Editor’s note: This post originally ran at the start of last fall. We’ve tweaked it, and will continue to run a version of it at the start of every fall hiking season to help you avoid crowded trails in the most popular hiking season.
Officially, fall starts tomorrow, Sept. 21, officially at 3:21 p.m. EST. Appropriately, a rainy front is ushering in cold air about the same time that will drop temperatures about 15 degrees, into the low 70s initially. By the weekend, expect highs in the upper 70s, lows around 50.read more
Last weekend we were frozen in snow and ice, today it’s 70 and raining, it may snow again Wednesday but it definitely will be cold again. Real cold. But this weekend is looking hiking perfect. Temperatures Saturday will be around 50, in the upper 30s Sunday, all under mostly sunny skies. So no time to quibble: you need to get out.read more
At our weekly GetHiking! Triangle hike a couple weeks back, I was approached at the trailhead by a woman who introduced herself as being from Virginia Beach, Va. She, her daughter and a friend were in town asked if they might tag along with our group.read more
This weekend will feel like mid to late October throughout much of the state.
Consider: As of noon today, the temperature atop Mount Mitchell was 53 degrees, with winds out of the southeast at 14 miles per hour, gusting to 18. Overnight, the temperature dropped to 45, with a wind chill of 40 degrees. Saturday, the temperature is expected to top out at 61.
That’s fleece weather.
Granted, this is on top of the East Coast (though these readings are from a station at 6,200 feet, nearly 500 below the Mount Mitchell summit). But these types of temperatures can be expected throughout the high country this weekend.
Even in the Piedmont, cool temperatures will prevail. Forecast highs for Saturday are in the low 70s with overnight lows dipping into the mid 60s.
This translates to one thing: a fall-like window for hiking.
Be advised, you won’t be the only one to have this thought. The trails are likely to be jammed. Here’s a little advice on how to avoid the expected crowds. Go long. Probably the most popular trail at popular Umstead State Park in Raleigh is the Company Mill Trail — at least the first mile. That initial mile takes you over three small ridges down to Crabtree Creek. For many, especially those with small kids, Crabtree is a good opportunity to frolic for a few minutes, may have a snack, then head back. The traffic is probably halved by the time you cross Crabtree. And Jon Holliday, founder of the Raleigh Trail Hikers Meetup, says the numbers really dwindle once you hit the 3-mile mark and meet the Sycamore Trail in the center of the park. Avoid the popular spots. Well, duh. So how do you know what’s popular? A few ways to narrow the list. Is it a place you hear frequently mentioned? If so, don’t go. Does it have a spacious, paved parking lot (or worse yet, a visitor center)? Nix it. Avoid the popular spots, II. Last year, nearly 1.2 million people visited Umstead State Park in Raleigh. Proximity is part of the reason: about as many people live in Umstead’s MSA (Metropolitan Statistical Area). It’s also a great park. But there are a lot of other great State Parks in North Carolina that don’t get near the love they deserve. A prime example: Medoc Mountain State Park, which barely got 100,000 visitors last year. Medoc Mountain is located near … well, that’s the problem, it’s not near or on the way to anywhere of note. But it’s just an hour and a half from the Triangle and well worth the drive. You can find a list of other underloved state parks here. Avoid the popular spots, III. Another way to find a State Park that may be under visited: Get a state road map that has state parks on it and seek out the more remote ones. Medoc Mountain, again, is one example. Other good one: South Mountains State Park which is just far enough off I-40 and from Morganton to require a little extra effort to get to. South Mountains has 18,000 acres and had only 194,000 visitors last year. Look for secondary entrances. Most parks have a main, advertised entrance, but they also have lesser-known secondary entrances. Get a map of your favorite place to hike and see where the boundaries brush up against roads. If there’s a trail near that point, you may well have a secondary entrance with roadside parking. Check out preserves, conservancies and land trusts. They often have smaller, but less popular, trail networks. And because the land is being preserved, you can bet there’s some thing extra special about it. (Find a land trust near you by checking out the Conservation Trust for North Carolina website.)read more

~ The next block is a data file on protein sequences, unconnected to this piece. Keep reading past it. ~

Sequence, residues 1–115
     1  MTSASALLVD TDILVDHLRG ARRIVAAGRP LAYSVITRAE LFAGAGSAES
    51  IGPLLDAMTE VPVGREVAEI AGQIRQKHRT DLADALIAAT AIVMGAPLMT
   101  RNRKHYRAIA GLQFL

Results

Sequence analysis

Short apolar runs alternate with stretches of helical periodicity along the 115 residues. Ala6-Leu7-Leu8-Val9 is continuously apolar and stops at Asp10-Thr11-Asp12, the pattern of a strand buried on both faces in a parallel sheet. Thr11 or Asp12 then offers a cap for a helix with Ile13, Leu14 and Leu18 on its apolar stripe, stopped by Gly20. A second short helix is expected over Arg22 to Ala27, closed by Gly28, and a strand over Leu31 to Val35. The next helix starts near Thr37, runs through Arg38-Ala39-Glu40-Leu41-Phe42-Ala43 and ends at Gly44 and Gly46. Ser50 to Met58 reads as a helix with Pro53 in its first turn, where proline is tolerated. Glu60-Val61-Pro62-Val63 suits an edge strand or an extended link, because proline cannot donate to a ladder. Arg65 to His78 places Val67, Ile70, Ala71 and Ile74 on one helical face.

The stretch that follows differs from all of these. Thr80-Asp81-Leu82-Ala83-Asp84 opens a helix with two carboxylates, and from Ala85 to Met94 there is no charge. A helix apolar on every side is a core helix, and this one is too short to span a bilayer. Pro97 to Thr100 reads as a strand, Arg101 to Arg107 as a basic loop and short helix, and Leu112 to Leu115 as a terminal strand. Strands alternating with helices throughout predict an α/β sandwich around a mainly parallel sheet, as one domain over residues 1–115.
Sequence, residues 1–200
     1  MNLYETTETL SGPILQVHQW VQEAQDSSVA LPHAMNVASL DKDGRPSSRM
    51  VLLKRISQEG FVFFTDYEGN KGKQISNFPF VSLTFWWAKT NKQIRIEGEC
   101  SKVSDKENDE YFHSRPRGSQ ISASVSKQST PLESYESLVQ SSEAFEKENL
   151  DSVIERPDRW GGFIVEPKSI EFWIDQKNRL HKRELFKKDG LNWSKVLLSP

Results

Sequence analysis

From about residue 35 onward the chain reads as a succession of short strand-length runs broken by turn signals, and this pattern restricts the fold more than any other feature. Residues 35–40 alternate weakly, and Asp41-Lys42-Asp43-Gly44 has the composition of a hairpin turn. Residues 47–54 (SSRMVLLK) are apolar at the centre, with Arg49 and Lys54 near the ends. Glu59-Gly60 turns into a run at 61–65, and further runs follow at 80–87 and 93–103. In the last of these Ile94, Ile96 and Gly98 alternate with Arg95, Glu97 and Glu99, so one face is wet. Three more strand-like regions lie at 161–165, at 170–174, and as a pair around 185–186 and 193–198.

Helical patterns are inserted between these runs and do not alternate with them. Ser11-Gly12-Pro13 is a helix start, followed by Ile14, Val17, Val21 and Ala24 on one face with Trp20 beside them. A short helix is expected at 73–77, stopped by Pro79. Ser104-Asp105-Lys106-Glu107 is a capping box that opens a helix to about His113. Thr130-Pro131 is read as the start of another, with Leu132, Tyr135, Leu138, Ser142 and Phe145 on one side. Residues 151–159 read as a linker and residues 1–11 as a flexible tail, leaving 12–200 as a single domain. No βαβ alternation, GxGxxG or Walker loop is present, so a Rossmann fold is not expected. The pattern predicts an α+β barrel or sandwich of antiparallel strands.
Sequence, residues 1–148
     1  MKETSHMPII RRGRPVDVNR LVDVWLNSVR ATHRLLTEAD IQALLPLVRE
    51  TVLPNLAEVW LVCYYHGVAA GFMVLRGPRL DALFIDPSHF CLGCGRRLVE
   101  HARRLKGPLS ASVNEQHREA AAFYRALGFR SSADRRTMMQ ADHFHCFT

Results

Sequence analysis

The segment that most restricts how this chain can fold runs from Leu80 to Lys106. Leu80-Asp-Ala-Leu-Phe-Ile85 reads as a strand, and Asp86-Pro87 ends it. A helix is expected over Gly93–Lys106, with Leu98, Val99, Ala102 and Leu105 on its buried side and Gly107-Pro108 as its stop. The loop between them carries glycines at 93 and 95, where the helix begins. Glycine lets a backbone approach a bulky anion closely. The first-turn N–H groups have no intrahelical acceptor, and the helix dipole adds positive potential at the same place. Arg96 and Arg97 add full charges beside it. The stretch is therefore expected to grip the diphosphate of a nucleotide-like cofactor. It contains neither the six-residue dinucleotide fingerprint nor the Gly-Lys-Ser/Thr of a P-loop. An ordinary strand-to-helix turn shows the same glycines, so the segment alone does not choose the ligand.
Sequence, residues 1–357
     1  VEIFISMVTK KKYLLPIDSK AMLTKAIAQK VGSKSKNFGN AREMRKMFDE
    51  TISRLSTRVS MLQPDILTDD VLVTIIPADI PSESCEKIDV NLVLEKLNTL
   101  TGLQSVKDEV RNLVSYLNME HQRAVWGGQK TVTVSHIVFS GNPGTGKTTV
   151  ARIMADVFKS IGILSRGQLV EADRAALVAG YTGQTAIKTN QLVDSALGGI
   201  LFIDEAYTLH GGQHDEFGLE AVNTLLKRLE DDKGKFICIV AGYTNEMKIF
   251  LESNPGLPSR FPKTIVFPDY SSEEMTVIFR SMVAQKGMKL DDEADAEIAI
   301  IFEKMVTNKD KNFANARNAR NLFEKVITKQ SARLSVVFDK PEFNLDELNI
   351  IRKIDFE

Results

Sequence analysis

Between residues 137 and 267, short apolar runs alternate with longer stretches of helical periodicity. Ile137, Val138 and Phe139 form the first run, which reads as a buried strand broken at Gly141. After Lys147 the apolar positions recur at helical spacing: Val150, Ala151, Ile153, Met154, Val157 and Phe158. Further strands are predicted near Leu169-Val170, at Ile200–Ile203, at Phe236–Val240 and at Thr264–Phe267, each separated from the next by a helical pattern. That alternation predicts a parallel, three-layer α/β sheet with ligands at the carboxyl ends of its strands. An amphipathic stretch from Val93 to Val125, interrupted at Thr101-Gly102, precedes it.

When I first started writing about fitness and the outdoors back in the early 1990s, there were a handful of ways you could welcome the New Year in most communities. There was usually a 5K run, a bike shop sponsored a casual ride, canoe clubs held members-only paddles, there was a hike or two, and some oddball group was jumping into a local lake (and jumping right back out again). You had options for welcoming the new year, but not a lot.read more